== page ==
Serving the campus of the University of Alabama since 1894

The Crimson White

Serving the campus of the University of Alabama since 1894

The Crimson White

Serving the campus of the University of Alabama since 1894

The Crimson White

Success is about controlling your thoughts


Impossible. Incapable. Anxious. Failure. All of these words and more seem to oftentimes infect and manipulate the minds of many students throughout their college experience. Freshman year especially poses a variety of new environments and experiences that, ultimately, leave many aspiring, young students overwhelmed and fearful of future challenges. 

Nearly all of us are guilty of overthinking, including myself. Too many times as I grew through freshman year I began to let my own mind overwhelm itself with second-guessings and anxieties as I entered an extremely unfamiliar realm of college courses and shifting relationships. 

Frequently, we blame a handful of outside individuals or circumstances for our stress, and don’t get me wrong, there are a handful of individuals who can and will inflict stress on our lives. What many young students don’t realize, however, until they’ve driven themselves mad with questions and confusion, is that much of our stress and tension is self-inflicted.

How many times have we questioned our potential? How many times have we gone so far as to question our purpose, for that matter? Every day, we frequently double-check and reflect on decisions we have made or things we hope to do. We question and doubt the reliability of our friendships, the number of hours we’ve spent studying for exams, the number of organizations we’re a part of and more. I’ve seen close friends tear themselves apart because they should’ve ordered their latte non-fat instead of whole. 

We get down on ourselves, we start stressing over one problem, and suddenly, we have a full plate of second thoughts that somehow, slowly but surely, begin to flood out our dreams and potential.

So here’s what it comes down to: mind control.

I’m not talking the whole kind of swaying pocket watch, incense burning kind of mind control. No, this mind control is much simpler, and probably significantly more effective. Though simple, this mind control takes a much larger amount of active practice and dedication. 

So here’s what you do: you control your thoughts.

I know, it sounds basic and it sounds easy. We figure we can make good decisions for ourselves and act on those decisions, but all too often we still let little pebbles of doubts slip into our streams of consciousness, and before we know it, our entire current is blocked and we can’t get anywhere.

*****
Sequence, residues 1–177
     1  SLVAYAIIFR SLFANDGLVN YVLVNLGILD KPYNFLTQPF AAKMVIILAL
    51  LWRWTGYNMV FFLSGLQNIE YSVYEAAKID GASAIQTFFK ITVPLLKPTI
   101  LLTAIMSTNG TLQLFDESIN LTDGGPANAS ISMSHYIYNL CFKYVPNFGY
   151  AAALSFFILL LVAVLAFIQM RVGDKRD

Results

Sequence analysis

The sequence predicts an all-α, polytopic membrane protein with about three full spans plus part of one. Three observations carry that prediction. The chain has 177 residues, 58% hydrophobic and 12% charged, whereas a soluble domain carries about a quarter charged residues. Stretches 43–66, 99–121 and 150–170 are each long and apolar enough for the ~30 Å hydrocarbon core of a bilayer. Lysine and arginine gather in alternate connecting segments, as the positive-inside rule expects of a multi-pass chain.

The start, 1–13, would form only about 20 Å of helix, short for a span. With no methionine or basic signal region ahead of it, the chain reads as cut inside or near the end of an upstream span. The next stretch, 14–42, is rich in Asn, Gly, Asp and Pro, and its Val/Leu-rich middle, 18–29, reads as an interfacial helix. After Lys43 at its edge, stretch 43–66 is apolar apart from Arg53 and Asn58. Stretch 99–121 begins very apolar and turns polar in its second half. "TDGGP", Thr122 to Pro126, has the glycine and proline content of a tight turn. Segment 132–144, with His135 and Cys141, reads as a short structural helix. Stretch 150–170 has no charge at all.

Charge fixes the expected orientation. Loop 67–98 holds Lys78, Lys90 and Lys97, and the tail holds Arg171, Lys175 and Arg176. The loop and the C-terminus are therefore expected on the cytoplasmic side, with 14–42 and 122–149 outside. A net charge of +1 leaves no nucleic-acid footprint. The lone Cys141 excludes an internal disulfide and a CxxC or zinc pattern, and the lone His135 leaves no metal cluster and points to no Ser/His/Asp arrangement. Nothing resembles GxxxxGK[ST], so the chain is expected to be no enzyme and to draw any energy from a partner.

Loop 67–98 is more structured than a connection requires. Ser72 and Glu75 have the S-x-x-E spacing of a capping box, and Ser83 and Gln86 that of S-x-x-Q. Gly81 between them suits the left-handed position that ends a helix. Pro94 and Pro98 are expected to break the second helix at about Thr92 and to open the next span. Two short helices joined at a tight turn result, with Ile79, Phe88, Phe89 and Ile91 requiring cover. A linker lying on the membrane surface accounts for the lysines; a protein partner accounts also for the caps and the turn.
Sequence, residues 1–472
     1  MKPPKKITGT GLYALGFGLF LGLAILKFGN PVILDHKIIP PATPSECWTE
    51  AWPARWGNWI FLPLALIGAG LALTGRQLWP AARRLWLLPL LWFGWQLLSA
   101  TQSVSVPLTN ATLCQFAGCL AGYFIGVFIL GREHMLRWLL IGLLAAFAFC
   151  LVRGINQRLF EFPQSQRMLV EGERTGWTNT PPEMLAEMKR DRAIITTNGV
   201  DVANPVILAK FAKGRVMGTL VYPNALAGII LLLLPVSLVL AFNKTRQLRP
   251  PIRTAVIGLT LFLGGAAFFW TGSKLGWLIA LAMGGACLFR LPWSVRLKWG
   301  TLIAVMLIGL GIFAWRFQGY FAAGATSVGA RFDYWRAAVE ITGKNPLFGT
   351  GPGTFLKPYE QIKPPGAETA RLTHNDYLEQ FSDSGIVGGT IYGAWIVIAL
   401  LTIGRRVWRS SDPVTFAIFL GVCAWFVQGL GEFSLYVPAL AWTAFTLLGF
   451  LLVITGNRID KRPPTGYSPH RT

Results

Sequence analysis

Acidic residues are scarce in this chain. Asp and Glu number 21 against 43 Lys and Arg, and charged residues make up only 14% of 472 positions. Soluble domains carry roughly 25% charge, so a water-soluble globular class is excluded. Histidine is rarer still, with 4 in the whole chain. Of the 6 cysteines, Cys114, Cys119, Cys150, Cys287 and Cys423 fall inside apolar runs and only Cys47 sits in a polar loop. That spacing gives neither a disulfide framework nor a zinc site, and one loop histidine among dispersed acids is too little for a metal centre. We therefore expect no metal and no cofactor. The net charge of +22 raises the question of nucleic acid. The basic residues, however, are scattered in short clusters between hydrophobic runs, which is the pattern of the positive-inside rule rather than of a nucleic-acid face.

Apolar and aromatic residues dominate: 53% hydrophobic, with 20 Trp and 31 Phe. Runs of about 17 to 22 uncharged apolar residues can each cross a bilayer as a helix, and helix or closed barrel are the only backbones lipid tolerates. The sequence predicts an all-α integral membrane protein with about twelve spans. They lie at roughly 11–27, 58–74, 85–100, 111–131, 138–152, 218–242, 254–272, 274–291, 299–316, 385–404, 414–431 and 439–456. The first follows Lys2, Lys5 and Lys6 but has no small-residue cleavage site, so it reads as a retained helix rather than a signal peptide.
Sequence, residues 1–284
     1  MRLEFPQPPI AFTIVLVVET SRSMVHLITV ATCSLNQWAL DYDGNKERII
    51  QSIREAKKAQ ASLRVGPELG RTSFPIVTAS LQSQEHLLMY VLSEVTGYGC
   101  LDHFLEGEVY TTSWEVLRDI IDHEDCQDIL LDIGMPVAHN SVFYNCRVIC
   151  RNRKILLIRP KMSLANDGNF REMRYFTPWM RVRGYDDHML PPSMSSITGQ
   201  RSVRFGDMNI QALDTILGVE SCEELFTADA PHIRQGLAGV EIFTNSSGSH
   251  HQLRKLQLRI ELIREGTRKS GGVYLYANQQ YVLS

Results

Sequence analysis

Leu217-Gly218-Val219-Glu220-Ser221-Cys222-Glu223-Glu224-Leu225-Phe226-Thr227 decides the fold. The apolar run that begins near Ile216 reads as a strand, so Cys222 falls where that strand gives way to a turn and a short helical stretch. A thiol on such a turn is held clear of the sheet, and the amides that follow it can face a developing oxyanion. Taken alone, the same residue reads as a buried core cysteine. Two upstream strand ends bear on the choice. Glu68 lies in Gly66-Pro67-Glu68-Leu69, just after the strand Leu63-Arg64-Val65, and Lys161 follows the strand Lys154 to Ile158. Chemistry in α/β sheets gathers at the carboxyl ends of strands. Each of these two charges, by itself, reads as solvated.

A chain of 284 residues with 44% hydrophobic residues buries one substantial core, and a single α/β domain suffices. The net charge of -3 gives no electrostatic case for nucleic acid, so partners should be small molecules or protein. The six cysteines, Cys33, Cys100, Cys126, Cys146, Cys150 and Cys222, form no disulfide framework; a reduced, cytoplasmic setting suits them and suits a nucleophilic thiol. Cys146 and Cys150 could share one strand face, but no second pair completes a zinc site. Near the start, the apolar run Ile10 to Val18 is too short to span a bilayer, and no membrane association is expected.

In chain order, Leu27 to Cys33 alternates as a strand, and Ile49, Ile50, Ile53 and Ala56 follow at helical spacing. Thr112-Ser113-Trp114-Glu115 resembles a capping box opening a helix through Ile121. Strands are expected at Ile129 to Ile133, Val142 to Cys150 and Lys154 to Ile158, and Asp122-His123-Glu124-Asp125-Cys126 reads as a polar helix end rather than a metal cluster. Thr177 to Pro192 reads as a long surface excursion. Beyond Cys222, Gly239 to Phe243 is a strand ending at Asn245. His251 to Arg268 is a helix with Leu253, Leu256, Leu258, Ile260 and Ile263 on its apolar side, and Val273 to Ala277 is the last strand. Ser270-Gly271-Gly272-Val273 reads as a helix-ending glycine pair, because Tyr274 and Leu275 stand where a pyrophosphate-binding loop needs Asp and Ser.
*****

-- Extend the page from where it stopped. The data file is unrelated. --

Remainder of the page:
Until we as humans decide to fully acknowledge our weakness when it comes to the human mind and truly begin to make an effort in managing our thoughts, we’ll be lost in ourselves for years on end—forever delaying what a frequently studied psychologist, Abraham Maslow, called self-actualization. 

Self-actualization, or “the realization or fulfillment of one’s talents and potentialities,” can be achieved in a variety of ways, but to me, really just comes down to what you do and don’t let inside your head. 

Believe your circumstances are exactly right, even if they aren’t. Acknowledge that a dream may be too big or too difficult to achieve, and refocus yourself to take on this dream head on. Trust that everything you do, say and think plays a significant role in this world and profoundly matters when it comes down to who you are and who you will become. Tell yourself time and time again that you can impact an outcome. Allow yourself to feel, and then move. Move forward and move with strength—all supported by the power of your mind. 

It takes work. It takes an endless effort to keep hold of your mind, but it is absolutely and entirely worth it. Assuming more and more students, more bright minds both young and old, begin to hold confidence in their thoughts and potential, worldly limitations will shatter and self-actualization will not just be in reach, it will be easily achievable. 

Christina Ausley is a junior majoring in journalism and psychology. Her column runs biweekly. 

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